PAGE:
by Nick Hornby
Reading history and reviews
Finished in 2007This is another book that I had for a long time before I starting reading it. In fact, since I was unfamiliar with most of the artists (and I think all of the "songs") in the book, I even bought the companion cd as well as trying to locate the tracks that didn't make it onto the cd. It turned out that this was pretty much unnecessary, as the book isn't really about the music at all, it's about how music is more generally part of the very fabric of life, mixed up with all the other things that are also part of living - hopes, dreams, disappointments, good times and bad times.
So he explains why Bruce Springsteen's "Thunder Road" or Nelly Furtado's "I'm Like A Bird" are significant to him. He doesn't try to make an argument that his choice of songs are the 31 greatest songs in the world (in fact it's not even his 31 greatest songs ever - that's not the point). Instead they're chosen because they illustrate for him a particular connection that music has with his life. I think what Nick Hornby writes about particularly well here is the experience of being a music fan, and a lot of the things he talks about I also identified with - even though my choice of 31 songs would be very different, he captures and articulates something that I also feel about my own relationship with the songs that have significance for me.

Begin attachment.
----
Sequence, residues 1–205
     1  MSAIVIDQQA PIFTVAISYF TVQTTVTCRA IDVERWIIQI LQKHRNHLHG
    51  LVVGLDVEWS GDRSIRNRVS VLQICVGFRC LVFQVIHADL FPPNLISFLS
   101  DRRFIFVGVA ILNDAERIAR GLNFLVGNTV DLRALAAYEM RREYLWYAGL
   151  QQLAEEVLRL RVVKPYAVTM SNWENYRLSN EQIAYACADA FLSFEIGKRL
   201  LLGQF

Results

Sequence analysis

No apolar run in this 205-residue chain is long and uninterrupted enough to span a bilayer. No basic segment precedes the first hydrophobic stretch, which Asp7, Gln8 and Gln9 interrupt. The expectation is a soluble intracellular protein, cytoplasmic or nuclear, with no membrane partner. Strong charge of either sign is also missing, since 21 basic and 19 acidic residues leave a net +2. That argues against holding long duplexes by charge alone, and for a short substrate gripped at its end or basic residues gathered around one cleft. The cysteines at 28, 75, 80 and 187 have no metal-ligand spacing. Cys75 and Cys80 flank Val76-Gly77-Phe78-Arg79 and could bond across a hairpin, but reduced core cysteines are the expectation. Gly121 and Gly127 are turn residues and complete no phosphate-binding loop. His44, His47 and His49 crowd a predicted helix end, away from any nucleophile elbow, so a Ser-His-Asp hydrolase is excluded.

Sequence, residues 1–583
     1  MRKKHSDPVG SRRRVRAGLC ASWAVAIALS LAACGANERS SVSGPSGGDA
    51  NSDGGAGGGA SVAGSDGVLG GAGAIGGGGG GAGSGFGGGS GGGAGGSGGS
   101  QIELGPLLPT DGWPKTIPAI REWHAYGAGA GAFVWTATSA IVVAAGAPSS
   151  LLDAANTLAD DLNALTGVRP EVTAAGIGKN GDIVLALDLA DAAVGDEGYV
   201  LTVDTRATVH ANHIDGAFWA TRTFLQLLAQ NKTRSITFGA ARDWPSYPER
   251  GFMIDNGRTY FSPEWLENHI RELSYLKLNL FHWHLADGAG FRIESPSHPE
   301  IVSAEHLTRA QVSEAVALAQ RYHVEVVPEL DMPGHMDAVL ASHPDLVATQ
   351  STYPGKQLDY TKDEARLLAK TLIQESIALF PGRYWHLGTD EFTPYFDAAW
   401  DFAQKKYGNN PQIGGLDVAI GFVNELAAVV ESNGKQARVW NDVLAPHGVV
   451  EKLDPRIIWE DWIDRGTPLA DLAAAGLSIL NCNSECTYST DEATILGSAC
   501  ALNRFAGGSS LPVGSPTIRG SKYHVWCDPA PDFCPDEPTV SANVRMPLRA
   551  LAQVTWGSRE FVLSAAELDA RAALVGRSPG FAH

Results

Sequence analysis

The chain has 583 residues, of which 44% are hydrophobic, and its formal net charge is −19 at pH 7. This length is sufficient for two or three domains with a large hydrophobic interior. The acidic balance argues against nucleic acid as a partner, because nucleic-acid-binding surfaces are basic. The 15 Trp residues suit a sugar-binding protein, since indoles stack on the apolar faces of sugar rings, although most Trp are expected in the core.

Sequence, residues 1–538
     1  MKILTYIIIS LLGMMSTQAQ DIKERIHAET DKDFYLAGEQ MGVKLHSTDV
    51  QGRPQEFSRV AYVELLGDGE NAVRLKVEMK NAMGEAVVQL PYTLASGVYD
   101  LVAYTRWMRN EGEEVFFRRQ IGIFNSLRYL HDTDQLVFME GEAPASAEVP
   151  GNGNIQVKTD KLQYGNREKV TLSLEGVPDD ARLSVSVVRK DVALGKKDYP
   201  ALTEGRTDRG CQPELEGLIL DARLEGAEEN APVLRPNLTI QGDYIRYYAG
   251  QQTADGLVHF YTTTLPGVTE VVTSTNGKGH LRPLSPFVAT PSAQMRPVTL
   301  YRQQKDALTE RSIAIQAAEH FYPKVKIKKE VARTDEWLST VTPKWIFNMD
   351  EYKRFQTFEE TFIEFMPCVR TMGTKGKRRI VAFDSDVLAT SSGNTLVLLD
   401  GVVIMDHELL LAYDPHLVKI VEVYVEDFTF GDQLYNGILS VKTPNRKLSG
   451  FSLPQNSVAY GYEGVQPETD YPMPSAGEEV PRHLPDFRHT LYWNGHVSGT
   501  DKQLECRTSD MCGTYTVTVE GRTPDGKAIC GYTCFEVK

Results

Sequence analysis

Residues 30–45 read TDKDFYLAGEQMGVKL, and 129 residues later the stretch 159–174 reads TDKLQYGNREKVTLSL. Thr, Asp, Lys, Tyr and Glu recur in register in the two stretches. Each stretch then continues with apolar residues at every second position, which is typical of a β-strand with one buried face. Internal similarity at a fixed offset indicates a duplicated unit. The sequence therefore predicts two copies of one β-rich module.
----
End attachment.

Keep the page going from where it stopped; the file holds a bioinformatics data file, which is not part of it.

There are a couple of things that I didn't identify with so much - I don't have arguments with other people about whether pop music is "real music" or not - and I think even though it's quite a short book (not in itself a bad thing), he still seems to lose his way towards the end. But it had me thinking about my own enjoyment of music, and things like how my walkman and more recently iTunes and the iPod shuffle changed my relationship with it. So overall it was a really interesting and enjoyable read.